Sarcoidosis is a disease that causes your immune system to overreact, which can lead to health issues. It can cause lung damage, skin rashes, and eye disease and can affect other organs of the body.
Doctors don’t know the exact cause of sarcoidosis. Some people appear to have a genetic predisposition to developing the disease, which may be triggered by exposure to specific bacteria, viruses, dust or chemicals. Researchers are still trying to pinpoint the genes and trigger substances associated with sarcoidosis.
Normally, your immune system helps protect your body from foreign substances and invading microorganisms, such as bacteria and viruses. But in sarcoidosis, some immune cells collect in a pattern of inflammation called granulomas. As granulomas build up in an organ, the function of that organ can be affected.
T cells play a central role in the development of sarcoidosis, as they likely propagate an excessive cellular immune reaction. For example, there is an accumulation of CD4 cells accompanied by the release of interleukin (IL)–2 at sites of disease activity. This may manifest clinically by an inverted CD4/CD8 ratio. Pulmonary sarcoidosis is frequently characterized by a CD4+/CD8+ ratio of at least 3.5 in bronchoalveolar lavage fluid (BALF), although up to 40% of the cases present a normal or even decreased ratio, thus limiting its diagnostic value. Increased production of TH1 cytokines, such as interferon, is also a feature.
Moreover, both tumor necrosis factor (TNF) and TNF receptors are increased in this disease. The importance of TNF in propagating inflammation in sarcoidosis has been demonstrated by the efficacy of anti-TNF agents, such as pentoxifylline and infliximab, in treating this disease.
Signs and symptoms of sarcoidosis vary, depending on which organs are affected. Sarcoidosis sometimes develops gradually and produces symptoms that last for years. Other times, symptoms appear suddenly and then disappear just as quickly. Many people with sarcoidosis have no symptoms, so the disease may be discovered only when you have a chest X-ray for another reason.
For many people, sarcoidosis begins with these signs and symptoms:
- Swollen lymph nodes
- Weight loss
Almost everyone who has sarcoidosis eventually experiences lung problems, which may include:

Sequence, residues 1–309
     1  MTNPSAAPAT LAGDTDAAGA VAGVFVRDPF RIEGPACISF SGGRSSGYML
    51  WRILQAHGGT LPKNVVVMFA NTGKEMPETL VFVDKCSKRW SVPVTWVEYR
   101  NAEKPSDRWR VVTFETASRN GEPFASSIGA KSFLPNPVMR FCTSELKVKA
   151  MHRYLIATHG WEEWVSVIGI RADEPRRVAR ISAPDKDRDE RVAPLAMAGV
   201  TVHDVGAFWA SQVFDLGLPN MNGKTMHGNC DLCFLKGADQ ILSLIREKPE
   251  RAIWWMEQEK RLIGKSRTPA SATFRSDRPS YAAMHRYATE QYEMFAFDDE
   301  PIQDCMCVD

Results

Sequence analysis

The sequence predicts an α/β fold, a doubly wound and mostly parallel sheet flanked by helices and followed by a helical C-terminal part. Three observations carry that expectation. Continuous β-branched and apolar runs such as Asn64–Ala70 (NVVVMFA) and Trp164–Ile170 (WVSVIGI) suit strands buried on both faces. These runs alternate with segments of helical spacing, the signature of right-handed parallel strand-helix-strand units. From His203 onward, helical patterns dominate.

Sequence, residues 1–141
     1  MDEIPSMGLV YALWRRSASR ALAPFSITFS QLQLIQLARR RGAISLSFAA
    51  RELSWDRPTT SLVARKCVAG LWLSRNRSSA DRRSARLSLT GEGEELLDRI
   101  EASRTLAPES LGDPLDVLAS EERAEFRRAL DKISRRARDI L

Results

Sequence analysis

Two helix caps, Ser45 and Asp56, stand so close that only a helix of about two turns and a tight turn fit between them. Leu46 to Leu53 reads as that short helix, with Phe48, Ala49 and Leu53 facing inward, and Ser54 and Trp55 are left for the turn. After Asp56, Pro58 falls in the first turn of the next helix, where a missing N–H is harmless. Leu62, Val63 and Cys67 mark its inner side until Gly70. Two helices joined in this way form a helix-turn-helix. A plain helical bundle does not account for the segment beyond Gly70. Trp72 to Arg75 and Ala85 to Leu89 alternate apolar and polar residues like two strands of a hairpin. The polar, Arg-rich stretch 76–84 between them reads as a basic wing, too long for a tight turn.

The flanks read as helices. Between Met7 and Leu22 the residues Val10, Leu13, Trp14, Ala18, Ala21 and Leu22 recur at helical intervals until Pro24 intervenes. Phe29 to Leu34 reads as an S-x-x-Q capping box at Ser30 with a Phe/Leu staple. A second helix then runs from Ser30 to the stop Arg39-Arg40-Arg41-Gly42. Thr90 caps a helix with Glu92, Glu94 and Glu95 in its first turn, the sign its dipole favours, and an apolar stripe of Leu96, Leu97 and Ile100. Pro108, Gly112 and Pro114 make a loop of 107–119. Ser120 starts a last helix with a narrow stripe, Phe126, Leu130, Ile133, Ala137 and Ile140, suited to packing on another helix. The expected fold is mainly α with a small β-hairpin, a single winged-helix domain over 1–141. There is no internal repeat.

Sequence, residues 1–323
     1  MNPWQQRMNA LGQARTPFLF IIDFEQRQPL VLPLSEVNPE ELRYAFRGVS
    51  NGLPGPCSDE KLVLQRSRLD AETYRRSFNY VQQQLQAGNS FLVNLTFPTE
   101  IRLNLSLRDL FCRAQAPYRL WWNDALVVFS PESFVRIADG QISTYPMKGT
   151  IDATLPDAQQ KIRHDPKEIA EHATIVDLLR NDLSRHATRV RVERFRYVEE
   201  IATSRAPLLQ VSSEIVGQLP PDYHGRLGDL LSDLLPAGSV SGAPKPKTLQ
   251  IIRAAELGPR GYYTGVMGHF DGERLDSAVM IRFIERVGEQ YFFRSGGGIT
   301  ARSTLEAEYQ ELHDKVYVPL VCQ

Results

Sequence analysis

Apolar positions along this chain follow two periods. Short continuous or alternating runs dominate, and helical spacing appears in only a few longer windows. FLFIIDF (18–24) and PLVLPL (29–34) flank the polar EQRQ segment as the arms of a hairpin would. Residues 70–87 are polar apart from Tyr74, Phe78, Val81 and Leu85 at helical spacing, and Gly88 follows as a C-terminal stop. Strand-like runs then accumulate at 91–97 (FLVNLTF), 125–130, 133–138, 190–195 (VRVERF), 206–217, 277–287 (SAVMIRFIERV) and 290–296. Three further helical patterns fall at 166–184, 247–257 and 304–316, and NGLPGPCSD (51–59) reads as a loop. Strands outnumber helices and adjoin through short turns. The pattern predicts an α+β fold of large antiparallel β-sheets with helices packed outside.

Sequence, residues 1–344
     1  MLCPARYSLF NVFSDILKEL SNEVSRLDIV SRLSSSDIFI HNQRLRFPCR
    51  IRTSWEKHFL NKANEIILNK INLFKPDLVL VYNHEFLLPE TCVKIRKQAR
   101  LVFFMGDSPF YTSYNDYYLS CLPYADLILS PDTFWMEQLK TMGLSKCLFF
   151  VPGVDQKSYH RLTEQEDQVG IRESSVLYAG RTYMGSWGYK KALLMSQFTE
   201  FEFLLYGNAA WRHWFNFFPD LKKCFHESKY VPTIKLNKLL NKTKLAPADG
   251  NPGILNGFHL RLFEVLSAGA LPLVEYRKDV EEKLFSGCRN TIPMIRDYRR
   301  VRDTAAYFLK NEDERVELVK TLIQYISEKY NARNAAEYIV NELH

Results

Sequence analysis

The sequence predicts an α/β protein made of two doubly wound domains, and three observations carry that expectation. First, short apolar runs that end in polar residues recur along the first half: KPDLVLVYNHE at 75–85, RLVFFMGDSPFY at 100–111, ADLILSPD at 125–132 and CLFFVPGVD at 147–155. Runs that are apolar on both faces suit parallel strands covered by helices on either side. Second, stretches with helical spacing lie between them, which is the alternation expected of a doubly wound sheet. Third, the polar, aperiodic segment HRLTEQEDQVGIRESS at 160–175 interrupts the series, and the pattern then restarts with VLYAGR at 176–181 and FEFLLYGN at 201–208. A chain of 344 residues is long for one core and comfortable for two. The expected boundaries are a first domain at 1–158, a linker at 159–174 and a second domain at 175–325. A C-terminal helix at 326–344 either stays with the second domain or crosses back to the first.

- Persistent dry cough
- Shortness of breath
- Chest pain
As many as 25 percent of people who have sarcoidosis develop skin problems, which may include:
- Rash. A rash of red or reddish-purple bumps, usually located on the shins or ankles, which may be warm and tender to the touch.
- Lesions. Disfiguring skin sores may occur on your nose, cheeks and ears.
- Color change. Areas of skin may get darker or lighter in color.
- Nodules. Growths just under the skin may develop, particularly around scars or tattoos.
Sarcoidosis can affect the eyes without causing any symptoms, so it’s important to have your eyes checked. When eye symptoms do occur, they may include:
- Blurred vision
- Eye pain
- Severe redness
- Sensitivity to light
There is no single way to diagnose sarcoidosis, since all the symptoms and laboratory results can occur in other diseases. For this reason, your doctor will carefully review your medical history and examine you to determine if you have sarcoidosis. The main tools your doctor will use to diagnose sarcoidosis include:
- Chest X-rays to look for cloudiness (pulmonary infiltrates) or swollen lymph nodes (lymphadenopathy).
- CT scan to provide an even more detailed look at the lungs and lymph nodes than provided by a chest X-ray.
- Pulmonary function (breathing) tests to measure how well the lungs are working.
- Bronchoscopy to inspect the bronchial tubes and to extract a biopsy(a small tissue sample) to look for granulomas and to obtain material to rule out infection. Bronchoscopy involves passing a small tube (bronchoscope) down the trachea (windpipe) and into the bronchial tubes (airways) of the lungs.
There’s no cure for sarcoidosis. You may not need treatment if you don’t have significant signs and symptoms of the condition. Sarcoidosis often goes away on its own. But you should be monitored closely with regular chest X-rays and exams of the eyes, skin and any other organ involved.
If organ function is threatened, you will likely be treated with a medication.
- Corticosteroids. These powerful anti-inflammatory drugs are usually the first-line treatment for sarcoidosis. In some cases, corticosteroids can be applied directly to an affected area — via a cream to a skin lesion or with an inhaler to your lungs.
- Anti-rejection medications. These medications reduce inflammation by suppressing your immune system.
- Anti-malarial medications. These medications may be helpful for skin disease, nervous system involvement and elevated blood-calcium levels.
- Tumor necrosis factor-alpha (TNF-alpha) inhibitors. These medications are most commonly used to treat the inflammation associated with rheumatoid arthritis. They can also be helpful in treating sarcoidosis that doesn’t respond to other treatments.
Organ transplant may be considered if sarcoidosis has severely damaged your lungs or liver.